One of the great things about the Internet is its ability to generate a great deal of information and debate on either side of an extremely pointless controversy. For example, on a recent Internet forum about sucker bets I was unable to convince my fellow users that a pound of gold is lighter than a pound of feathers.* On that same forum, someone tardily disputed another bit of trivia that I had posted -- that Alaska is the easternmost U.S. state because part of the Aleutian Islands lie in the eastern hemisphere. The thread died before that debate really took shape, but I'm not willing to give that one up. Basically, the dispute arose over the fact that the International Date Line actually zig-zags around Russian and Alaska, keeping all of Alaska in the same time zone. However, the hemispheres are delineated by longitudinal lines,** not time zones, and the 180 degree line still cuts through the islands, so I'm comfortable saying that part of Alaska is indeed in the eastern hemisphere (besides, I got this tidbit from Eugene Volokh, and he's generally a credible source on matters of pointless trivia).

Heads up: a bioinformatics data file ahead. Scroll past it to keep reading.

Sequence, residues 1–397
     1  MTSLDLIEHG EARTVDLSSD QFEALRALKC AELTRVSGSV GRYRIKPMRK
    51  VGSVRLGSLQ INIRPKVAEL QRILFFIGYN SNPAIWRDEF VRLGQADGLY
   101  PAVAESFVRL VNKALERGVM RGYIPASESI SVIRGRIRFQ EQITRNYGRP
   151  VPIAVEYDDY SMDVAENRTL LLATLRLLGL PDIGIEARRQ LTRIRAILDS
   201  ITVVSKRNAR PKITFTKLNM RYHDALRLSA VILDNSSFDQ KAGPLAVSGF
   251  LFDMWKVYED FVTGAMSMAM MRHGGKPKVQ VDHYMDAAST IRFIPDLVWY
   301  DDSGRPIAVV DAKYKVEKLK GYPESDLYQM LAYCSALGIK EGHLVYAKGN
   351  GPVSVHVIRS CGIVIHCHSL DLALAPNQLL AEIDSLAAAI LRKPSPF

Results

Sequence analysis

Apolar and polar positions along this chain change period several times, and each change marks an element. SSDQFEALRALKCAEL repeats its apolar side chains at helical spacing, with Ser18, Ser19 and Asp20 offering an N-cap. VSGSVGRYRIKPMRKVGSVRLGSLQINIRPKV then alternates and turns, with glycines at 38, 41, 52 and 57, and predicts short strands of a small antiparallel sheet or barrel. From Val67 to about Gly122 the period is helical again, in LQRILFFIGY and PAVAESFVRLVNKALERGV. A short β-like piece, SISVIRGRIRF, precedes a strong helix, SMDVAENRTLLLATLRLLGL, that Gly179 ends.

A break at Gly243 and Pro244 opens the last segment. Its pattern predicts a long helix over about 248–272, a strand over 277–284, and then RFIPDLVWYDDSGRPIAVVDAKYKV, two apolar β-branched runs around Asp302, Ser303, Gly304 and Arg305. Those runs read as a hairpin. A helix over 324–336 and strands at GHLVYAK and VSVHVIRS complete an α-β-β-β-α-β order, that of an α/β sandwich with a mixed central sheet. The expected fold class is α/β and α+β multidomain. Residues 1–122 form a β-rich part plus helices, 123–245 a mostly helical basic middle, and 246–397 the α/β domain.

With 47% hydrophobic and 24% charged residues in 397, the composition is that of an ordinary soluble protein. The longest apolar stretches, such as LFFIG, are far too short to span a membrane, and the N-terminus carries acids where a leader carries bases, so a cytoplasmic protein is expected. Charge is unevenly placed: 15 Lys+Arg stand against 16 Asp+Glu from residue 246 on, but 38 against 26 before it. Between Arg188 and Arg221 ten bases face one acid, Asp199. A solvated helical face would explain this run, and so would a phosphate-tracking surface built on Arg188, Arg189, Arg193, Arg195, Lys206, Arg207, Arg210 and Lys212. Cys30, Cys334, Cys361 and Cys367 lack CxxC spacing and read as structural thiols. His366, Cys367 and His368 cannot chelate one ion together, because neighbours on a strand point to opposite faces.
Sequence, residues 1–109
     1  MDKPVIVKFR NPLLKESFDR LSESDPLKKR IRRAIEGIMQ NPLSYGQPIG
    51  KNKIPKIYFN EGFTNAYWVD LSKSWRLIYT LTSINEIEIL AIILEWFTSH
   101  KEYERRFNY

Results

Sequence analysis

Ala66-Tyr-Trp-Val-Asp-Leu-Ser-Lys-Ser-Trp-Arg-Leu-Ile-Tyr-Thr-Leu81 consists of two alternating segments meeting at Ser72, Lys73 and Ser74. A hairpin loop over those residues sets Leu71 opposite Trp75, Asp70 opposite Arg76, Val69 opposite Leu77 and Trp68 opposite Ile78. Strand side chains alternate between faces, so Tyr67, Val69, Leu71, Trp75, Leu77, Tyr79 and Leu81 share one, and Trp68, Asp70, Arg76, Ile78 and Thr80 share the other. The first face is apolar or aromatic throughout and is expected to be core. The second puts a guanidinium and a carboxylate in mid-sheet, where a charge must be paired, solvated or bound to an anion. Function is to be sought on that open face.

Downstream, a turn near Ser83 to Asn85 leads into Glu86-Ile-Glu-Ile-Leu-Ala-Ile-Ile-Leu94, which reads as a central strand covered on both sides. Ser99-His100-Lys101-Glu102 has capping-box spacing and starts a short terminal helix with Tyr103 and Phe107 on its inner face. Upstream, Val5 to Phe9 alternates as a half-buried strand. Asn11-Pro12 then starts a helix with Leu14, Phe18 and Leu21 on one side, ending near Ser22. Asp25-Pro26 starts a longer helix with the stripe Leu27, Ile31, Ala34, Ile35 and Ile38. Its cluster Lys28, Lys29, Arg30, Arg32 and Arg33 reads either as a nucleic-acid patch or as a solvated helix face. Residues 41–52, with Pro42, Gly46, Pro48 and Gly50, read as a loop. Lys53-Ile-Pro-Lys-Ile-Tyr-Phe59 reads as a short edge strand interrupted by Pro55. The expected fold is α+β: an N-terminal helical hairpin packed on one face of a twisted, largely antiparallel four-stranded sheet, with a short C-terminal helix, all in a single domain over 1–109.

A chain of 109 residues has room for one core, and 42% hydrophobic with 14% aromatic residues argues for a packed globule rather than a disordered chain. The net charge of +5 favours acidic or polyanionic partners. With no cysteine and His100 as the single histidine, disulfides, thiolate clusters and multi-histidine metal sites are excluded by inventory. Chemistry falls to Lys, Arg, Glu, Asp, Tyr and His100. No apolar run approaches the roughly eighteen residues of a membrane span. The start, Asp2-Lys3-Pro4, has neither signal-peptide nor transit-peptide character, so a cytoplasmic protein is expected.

Anyway, on to the actual point of this post. Apparently pie charts are bad. I read some of the links and I'm not convinced. Like any type of chart, they're better for some things than for others, but I'm not ready to swear off pie charts just because a bunch of people on the Internet say I should. Of course, if Wikipedia ever says pie charts are bad I suppose I'll have to rethink my stance.
* No really, it is. Gold, and other precious metals, are measured in Troy weights, and a Troy pound is lighter than a regular pound.
** According to The Fountain of Unquestionable Truth, the most common divider of the two hemispheres is the Prime Meridian, which is opposite the International Date Line. However, a few of the Aleutian Islands are clearly visible in this picture of the Eastern Hemisphere, and the End Meridian, as opposed to the IDL, does indeed pass between two of the islands. It would make a lot more sense to divide the hemispheres spatially rather than temporally, so I'm sticking to my story.